USPS OIG vet: Analytics can make audits help, not hurt
- By Zach Noble
- Oct 14, 2015
Big data and analytics can make an auditor's job easier and more effective. But the auditor must be prepared to face resistance from the organizations he or she scrutinizes -- and from within.
"Human beings are wired for survival," said Bryan Jones, former director of the U.S. Postal Service's Data Mining Group in the Office of Inspector General, at the Predictive Analytics World Government conference in Washington. "They're not wired for truth."
Jones, who is now director and program manager at Elder Research, reminded would-be innovators of the resistance they could face from people eager to hold onto outdated jobs.
USPS knows the technology/employment tension all too well, and Jones, who worked on USPS' Risk Assessment Data Repository, said he had encountered resistance from many job-protecting managers during his investigations.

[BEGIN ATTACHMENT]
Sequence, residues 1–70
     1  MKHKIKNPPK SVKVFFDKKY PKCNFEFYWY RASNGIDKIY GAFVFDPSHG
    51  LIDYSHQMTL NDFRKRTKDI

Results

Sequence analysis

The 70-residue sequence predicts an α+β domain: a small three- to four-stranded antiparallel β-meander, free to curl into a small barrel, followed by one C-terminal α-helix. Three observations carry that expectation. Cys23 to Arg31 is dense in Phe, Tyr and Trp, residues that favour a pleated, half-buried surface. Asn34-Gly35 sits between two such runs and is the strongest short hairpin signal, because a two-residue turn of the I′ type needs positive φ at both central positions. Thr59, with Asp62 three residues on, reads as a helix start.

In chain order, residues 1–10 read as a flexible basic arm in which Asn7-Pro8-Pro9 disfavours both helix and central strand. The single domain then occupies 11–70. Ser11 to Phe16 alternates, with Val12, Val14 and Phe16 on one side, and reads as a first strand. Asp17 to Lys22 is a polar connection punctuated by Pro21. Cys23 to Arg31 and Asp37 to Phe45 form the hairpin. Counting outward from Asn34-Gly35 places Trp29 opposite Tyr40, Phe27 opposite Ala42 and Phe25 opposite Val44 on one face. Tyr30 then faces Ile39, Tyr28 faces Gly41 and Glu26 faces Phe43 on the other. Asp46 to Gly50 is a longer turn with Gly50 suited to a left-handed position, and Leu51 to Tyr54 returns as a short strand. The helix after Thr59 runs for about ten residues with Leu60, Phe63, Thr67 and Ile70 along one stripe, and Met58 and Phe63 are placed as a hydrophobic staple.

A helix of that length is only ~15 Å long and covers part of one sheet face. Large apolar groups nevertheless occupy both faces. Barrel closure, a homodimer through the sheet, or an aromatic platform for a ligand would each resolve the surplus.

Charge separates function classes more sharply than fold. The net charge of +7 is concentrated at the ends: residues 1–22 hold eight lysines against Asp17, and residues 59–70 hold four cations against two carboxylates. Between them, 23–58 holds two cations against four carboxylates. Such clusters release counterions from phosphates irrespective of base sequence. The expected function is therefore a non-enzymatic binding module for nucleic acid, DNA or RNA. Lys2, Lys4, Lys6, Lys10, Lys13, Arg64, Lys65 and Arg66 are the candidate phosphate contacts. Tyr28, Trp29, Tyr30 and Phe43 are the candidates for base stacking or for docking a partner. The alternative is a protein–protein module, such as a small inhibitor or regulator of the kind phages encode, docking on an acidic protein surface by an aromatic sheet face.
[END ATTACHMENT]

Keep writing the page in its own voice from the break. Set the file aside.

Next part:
But the impartiality of big-data analytics can make a numbers-based "truth" more readily apparent, he said, as long as agencies promote cultures that accept the numbers for the value they provide.
A single team, backed by a supportive executive, can start the pro-analytics culture shift at an agency, Jones added.
"The ultimate measure of success is when an investigator comes to us and says, 'Hey, when are you going to refresh the data in the model?'" he said. "Then I know we're successful because when you hear an investigator say something like that, you know that you've got the organizational shift, you know that you've got the culture going in the right direction, and you know the front line of the organization is buying into this."
Auditors at USPS, on the other hand, decided that an analytics-heavy, flexible audit model was worthy only after six months of disassembling and reassembling the model, Jones said.
Analytics improve audits because they can be "based on a real problem and not what I think might be going on."
Big data should also help audit reports carry more weight because "it doesn't matter how right you are" as an auditor if organizations don't implement your recommendations, Jones said.
Zach Noble is a former FCW staff writer.